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Integrated Solutions to USB Type-C Port Implementation Challenges

By Kay Annamalai, Senior Marketing Director, Diodes Incorporated

Highly integrated solutions for USB 3.2 data switching, USB Power Delivery and USB Battery Charging control, and transient protection help designers unleash the full potential of the USB Type-C interface

 

The USB Type-C® (USB-C®) interface supports the latest USB single-lane (USB 3.2 Gen 1 aka SuperSpeed USB 5Gbps, and USB 3.2 Gen 2 aka SuperSpeed USB 10Gbps) and dual-lane (USB 3.2 Gen 2x2 aka SuperSpeed USB 20Gbps, USB4™ 20Gbps, and USB4 40Gbps) specifications, in parallel with USB 2.0. USB-C also supports the USB Power Delivery (USB PD) specification.

As such, the USB Type-C interface has many more connections than the conventional well-known USB Type-A, Type-B, Mini, and Micro connectors. USB-C includes two sets of differential data channels, the USB 2.0 D+ and D- channels, and power connections that include two sets of power and ground pins with a communication channel for connected devices to negotiate their power-consumption demands and power-supply capabilities. There are also additional side band use (SBU) contacts to allow for future performance enhancements and new features.

At the same time, the USB-C connection is physically small and, unlike its predecessors, is not polarized. Moreover, the same connector style is intended for use on all devices, which reduces the number of different cable types users require to connect devices in any desired configuration and creates the opportunity for easy dual-role device flexibility. Hence USB Type-C cables are reversible, USB Type-C plugs are flippable, and devices equipped with a USB-C port can independently negotiate their roles as host or device or as power consumer or supplier.

To support the extra power and data connections, as well as catering for the additional flexibility when interconnecting devices and providing backwards-compatibility with USB 2.0, the USB Type-C connector has 24 pins. These are assigned as shown in Figure 1. By supporting USB PD, a USB-C port can supply devices ranging from legacy 5V USB-powered equipment to devices consuming up to 100 Watts at 20V.

 

 

Figure 1. Pin Assignments in the USB-C Connector

 

With the larger number of connectors and greater flexibility, the USB-C interface is complex and incorporates important new features and capabilities. These include configuration-control logic, which is needed to classify devices as downstream facing port (DFP or source), upstream facing port (UFP, or Sink), or dual role port (DRP) able to both source and sink data and power. Circuitry is also needed to detect the plug-in orientation of the cable, correctly switch signals such as USB 3.2 and DisplayPort to the USB-C connector while maintaining signal integrity, and to multiplex USB 2.0 signals. Transient voltage protection is also required.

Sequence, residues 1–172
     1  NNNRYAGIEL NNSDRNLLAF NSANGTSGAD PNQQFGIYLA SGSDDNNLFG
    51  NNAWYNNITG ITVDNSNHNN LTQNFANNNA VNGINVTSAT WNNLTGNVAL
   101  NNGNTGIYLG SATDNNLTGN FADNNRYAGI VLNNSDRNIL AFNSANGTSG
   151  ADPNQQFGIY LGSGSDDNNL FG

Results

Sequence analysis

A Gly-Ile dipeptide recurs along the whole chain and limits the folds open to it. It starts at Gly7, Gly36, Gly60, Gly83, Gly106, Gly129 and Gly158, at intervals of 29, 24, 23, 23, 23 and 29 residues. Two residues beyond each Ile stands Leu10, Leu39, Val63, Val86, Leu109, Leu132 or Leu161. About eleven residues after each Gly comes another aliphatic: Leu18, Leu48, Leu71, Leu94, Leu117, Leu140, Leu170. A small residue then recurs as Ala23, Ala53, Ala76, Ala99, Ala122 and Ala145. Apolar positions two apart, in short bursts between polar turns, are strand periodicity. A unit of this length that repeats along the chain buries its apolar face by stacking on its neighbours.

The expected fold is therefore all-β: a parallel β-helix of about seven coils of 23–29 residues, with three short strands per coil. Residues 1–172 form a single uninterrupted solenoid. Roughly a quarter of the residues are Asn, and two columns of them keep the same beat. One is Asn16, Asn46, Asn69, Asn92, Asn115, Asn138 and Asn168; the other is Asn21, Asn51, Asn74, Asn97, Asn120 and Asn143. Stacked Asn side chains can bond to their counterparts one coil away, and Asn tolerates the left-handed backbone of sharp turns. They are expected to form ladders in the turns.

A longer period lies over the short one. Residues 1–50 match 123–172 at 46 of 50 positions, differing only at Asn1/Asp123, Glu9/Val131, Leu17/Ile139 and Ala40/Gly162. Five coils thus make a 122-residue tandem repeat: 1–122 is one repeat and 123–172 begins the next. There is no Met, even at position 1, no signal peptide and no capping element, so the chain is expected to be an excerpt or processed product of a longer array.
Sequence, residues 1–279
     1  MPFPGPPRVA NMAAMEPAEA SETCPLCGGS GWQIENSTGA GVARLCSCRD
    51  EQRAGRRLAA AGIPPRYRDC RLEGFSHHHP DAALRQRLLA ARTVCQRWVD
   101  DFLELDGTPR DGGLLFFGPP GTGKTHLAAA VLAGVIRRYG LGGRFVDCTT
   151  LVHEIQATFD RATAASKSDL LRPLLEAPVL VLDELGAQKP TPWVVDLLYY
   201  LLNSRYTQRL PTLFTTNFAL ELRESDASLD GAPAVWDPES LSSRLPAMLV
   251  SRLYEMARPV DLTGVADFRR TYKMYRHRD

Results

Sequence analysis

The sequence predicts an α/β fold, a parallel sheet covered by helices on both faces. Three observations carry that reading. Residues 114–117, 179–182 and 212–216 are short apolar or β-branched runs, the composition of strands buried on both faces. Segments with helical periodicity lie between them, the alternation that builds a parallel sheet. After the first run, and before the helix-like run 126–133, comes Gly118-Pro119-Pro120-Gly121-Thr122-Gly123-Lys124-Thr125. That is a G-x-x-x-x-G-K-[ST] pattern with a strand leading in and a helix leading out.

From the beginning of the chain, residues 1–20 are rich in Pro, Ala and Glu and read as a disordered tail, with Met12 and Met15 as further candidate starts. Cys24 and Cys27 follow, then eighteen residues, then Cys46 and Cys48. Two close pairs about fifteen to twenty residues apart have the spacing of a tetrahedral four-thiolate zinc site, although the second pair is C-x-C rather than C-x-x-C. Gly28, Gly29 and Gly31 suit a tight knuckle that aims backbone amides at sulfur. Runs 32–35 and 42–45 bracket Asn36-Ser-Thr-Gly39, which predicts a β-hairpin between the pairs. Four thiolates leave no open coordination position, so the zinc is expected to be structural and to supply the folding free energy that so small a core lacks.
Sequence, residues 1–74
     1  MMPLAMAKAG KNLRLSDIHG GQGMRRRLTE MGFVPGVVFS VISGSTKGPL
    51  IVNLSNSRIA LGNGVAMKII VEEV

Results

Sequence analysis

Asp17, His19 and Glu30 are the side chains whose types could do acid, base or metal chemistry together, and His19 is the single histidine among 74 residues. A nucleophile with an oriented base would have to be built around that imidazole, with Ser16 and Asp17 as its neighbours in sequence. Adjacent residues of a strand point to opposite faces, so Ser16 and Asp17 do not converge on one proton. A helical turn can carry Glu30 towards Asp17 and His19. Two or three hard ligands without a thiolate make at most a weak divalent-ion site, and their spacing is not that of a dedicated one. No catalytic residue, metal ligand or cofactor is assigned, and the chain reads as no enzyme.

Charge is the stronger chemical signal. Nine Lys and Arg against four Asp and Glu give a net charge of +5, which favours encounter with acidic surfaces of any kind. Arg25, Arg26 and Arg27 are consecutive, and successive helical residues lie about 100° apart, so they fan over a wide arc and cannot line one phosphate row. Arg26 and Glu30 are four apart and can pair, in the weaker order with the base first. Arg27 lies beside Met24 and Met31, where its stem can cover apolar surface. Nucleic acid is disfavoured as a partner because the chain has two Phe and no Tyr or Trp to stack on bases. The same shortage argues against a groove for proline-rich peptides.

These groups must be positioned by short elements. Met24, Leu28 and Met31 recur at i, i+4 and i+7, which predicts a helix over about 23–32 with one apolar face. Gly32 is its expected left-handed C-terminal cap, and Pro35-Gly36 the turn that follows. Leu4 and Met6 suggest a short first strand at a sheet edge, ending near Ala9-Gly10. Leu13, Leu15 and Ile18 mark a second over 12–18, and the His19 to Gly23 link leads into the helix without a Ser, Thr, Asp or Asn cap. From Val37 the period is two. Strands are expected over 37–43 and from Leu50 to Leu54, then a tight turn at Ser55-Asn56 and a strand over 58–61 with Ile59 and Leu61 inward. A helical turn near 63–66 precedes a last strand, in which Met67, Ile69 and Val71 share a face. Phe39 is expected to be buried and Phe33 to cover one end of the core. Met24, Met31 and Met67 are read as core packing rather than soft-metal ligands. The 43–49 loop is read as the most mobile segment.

The best way to implement the desired functionality differs depending on the type of equipment. A notebook PC or tablet, for example, must typically be able to handle USB 3.2 and multimedia data and support full USB PD functionality. Figure 2 shows how suitable data switches and TVS diodes are likely to be combined to create a fully functioning USB-C interface.

 

 

Figure 2. Notebook or Tablet USB-C Interface Supporting USB 3.2, Multimedia, and USB PD.

 

The main functions of the high-speed data interface, shown in the upper portion of Figure 2, can be implemented using either the Diodes PI3USB31532 bidirectional matrix switch or the PI3DPX1205A 6-channel 4-lane active mux. The PI3USB31532 multiplexes USB 3.2 Gen2 (single-lane, 10Gbps SuperSpeed+) and/or up to four channels of DisplayPort 1.4 signals as well as auxiliary channels through the USB-C connector. With low insertion loss and a -3dB bandwidth of 8.3GHz, this device ensures signal fidelity at up to 10Gbps. The PI3DPX1205A1 integrates the same features with the addition of a ReDriver™ to drive longer distances. Also, with receive-side linear equalization integrated and by providing output settings for flat gain and equalization, this device ensures double the signal integrity of comparable CMOS ReDrivers.